Thoughts on Rosh HaShanah 2020
I remember the first time that I noticed someone coughing. I was praying Shaharit on a Monday morning shortly after Purim and the man sitting to my right let out a weak cough. I instinctively stopped reading and looked up at the man. Several minutes later, a man to my left cleared his throat. This time I kept my head down, but I became distracted, stumbling over the next few words that came out of my mouth.
Coronavirus has forced us to notice. Today we notice the people around us in unprecedented ways. We’ve also become more aware of the physical spaces we inhabit, paying careful attention to exactly where we walk, sit and stand. And, on a deeper lever, we’ve developed a heightened sensitivity to our personal feelings of fear and vulnerability.
Avraham Avenu is the Torah personality we focus upon most during Rosh HaShanah. We consistently invoke his memory and actions in our prayers as a source of inspiration and merit. Avraham’s life centered around two seemingly different endeavors: hesed to other people and a deep connection to God. These actions were drawn together, however, by his unique way of noticing. Avraham’s hesed began with his sight of people in need: “And he lifted up his eyes, and behold, three men stood nearby” (Bereshit 18:2). And his discovery of God was much the same: “On the third day, Avraham lifted up his eyes and saw the place afar” (Bereshit 22:4). Avraham was the paradigmatic noticer. His sensitivity to the world and people around him was the driving force behind his remarkable life.
The Rabbis taught: “God is my light (Tehilim 27:1) – This is Rosh HaShanah.” Rosh HaShanah is a day of light. It is a time of noticing. Indeed, HaRambam wrote that the very function of the shofar is to awaken us from our spiritual slumber, directing our focus to the matters of life which are truly significant. Surprisingly, though, Jewish mystics designate night as the time of divine judgment (din). It would make sense, then, to associate Rosh HaShanah – “The Day of Judgment” (Yom HaDin) – with the darkness of night. The Rabbis likewise taught: “Blow a shofar at the New Moon, at the covered time for our holiday (Tehilim 81:4) – Which is the holiday on which the moon is covered? You must say that this is Rosh HaShanah.” How can Rosh HaShanah be a time of “light” and noticing, while at once existing as a time darkness and concealment?
The story is told about two men who were each given the task of identifying their friends in the darkness of night. One was given a flashlight, and he easily recognized his acquaintances by shining the light at their faces. The other, however, never got a flashlight, and was therefore forced to identify those around him by carefully listening to the sounds of their voices and footsteps. Predictably, the first person performed best in the challenge, as the sight of people’s faces is far more revealing than audial clues. The second individual, however, acquired a skill that would last him long into the sun-lit hours of daytime. He had developed a sensitivity akin to that of a blind person; he could identify his contacts in any future situation – even if his vision was blocked. The challenge of concealment brought forth the opportunity to notice.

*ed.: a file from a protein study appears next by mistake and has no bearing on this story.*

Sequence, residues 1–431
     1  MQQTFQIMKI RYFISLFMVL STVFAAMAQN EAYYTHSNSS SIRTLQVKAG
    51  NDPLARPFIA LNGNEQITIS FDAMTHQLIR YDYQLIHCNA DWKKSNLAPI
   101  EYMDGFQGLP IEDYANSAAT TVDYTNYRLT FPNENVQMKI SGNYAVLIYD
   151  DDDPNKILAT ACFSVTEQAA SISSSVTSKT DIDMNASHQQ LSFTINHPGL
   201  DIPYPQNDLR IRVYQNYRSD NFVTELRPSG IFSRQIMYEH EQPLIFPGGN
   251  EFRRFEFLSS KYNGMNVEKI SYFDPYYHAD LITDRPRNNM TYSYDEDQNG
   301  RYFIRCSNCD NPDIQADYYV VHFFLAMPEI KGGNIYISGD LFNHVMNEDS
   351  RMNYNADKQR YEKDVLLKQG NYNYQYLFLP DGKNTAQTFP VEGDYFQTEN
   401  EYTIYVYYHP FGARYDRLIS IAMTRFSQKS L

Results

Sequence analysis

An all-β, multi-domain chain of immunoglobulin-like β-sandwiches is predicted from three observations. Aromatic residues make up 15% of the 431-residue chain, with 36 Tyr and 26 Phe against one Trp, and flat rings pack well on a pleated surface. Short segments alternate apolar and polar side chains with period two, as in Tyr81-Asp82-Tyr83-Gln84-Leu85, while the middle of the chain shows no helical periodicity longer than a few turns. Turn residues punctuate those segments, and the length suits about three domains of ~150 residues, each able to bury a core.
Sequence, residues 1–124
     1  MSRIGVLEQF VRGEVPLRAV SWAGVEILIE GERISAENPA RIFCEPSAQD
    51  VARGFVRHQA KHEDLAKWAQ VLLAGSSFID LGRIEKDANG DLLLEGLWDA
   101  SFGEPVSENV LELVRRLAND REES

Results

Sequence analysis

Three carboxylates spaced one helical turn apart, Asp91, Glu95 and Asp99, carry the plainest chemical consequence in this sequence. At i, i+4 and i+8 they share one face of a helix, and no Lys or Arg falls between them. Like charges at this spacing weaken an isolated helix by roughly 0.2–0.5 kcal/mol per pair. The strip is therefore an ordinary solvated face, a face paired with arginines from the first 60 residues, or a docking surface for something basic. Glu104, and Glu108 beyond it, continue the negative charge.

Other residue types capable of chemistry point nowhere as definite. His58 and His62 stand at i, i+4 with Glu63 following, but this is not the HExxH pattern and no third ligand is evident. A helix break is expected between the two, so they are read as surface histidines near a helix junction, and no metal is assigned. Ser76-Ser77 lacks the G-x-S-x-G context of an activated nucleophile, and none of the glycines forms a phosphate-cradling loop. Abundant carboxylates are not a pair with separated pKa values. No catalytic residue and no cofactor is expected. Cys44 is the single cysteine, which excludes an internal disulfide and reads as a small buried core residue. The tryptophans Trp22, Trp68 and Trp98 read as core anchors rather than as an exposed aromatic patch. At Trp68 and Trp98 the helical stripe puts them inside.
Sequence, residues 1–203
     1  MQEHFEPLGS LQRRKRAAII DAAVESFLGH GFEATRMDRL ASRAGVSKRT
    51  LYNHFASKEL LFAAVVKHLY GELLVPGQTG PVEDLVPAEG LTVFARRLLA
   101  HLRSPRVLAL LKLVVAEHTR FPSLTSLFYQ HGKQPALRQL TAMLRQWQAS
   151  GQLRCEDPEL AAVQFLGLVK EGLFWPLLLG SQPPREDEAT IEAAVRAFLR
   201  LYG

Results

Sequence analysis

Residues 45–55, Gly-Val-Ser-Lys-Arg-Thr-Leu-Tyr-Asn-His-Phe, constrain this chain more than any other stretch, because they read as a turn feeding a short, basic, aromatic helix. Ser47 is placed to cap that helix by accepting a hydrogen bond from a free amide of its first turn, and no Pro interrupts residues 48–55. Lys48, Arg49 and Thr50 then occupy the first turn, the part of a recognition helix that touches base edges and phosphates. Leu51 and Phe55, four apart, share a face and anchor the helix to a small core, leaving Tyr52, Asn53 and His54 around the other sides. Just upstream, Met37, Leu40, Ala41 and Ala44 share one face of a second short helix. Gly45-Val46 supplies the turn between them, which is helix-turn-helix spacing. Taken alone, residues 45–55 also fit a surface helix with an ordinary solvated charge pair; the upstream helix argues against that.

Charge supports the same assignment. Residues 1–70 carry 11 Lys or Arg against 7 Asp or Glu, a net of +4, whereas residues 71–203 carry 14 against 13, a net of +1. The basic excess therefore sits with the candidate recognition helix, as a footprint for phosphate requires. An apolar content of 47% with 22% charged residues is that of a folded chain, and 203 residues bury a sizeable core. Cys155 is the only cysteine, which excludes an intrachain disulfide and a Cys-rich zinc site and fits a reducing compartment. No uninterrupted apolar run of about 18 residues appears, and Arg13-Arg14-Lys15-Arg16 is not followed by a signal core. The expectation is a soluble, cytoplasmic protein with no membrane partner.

I underwent a related experience several years ago. Following a severe virus, I lost my sense of taste for a period of over a year. Surprisingly, though, I discovered that I naturally developed a new skill in that midst. Without actually tasting the food or drink in my mouth, I could still identify exactly what it was. Several of my students put me to the test. They created different concoctions of water, soda, grape juice and other beverages, handing me the cups to drink while I was blindfolded. Judging the drinks solely by their texture – how they felt in my mouth, on my teeth and tongue, and down my throat – I scored a perfect score on the “taste test.” It was the “concealing” nature of my lost taste that enhanced in me the ability to notice.
Rosh HaShanah is a time of mysterious din. It pushes us into the hidden realm of the Divine. The challenge is daunting, as the fear of stumbling in the darkness is real. But the opportunity is ripe, as well. We can choose to falter or we can decide to notice. We can accept the darkness or we can discover the light.
Following in the ways of Avraham Avenu, we too must notice. Ironically, coronavirus has actually made the task easier to fulfil. So, pay attention to your surroundings. Find God’s presence in the world around you. Raise your eyes above the masks of others. Gaze into their eyes and notice them. And embrace those difficult feelings of fear and vulnerability to notice yourself.